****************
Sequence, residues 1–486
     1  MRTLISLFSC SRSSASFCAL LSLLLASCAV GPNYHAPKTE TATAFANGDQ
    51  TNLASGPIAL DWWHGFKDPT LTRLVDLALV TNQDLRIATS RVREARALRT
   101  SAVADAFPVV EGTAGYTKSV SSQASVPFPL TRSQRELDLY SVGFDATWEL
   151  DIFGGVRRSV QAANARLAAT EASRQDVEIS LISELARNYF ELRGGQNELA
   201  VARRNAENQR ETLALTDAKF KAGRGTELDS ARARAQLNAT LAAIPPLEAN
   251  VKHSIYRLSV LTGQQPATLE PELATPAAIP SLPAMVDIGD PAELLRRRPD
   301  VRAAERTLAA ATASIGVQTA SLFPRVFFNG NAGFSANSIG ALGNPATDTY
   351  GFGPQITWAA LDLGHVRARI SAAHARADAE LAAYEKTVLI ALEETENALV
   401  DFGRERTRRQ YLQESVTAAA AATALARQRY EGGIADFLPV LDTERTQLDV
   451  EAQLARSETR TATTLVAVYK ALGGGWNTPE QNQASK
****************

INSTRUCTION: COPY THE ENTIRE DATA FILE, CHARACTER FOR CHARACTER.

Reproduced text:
Sequence, residues 1–486
     1  MRTLISLFSC SRSSASFCAL LSLLLASCAV GPNYHAPKTE TATAFANGDQ
    51  TNLASGPIAL DWWHGFKDPT LTRLVDLALV TNQDLRIATS RVREARALRT
   101  SAVADAFPVV EGTAGYTKSV SSQASVPFPL TRSQRELDLY SVGFDATWEL
   151  DIFGGVRRSV QAANARLAAT EASRQDVEIS LISELARNYF ELRGGQNELA
   201  VARRNAENQR ETLALTDAKF KAGRGTELDS ARARAQLNAT LAAIPPLEAN
   251  VKHSIYRLSV LTGQQPATLE PELATPAAIP SLPAMVDIGD PAELLRRRPD
   301  VRAAERTLAA ATASIGVQTA SLFPRVFFNG NAGFSANSIG ALGNPATDTY
   351  GFGPQITWAA LDLGHVRARI SAAHARADAE LAAYEKTVLI ALEETENALV
   401  DFGRERTRRQ YLQESVTAAA AATALARQRY EGGIADFLPV LDTERTQLDV
   451  EAQLARSETR TATTLVAVYK ALGGGWNTPE QNQASK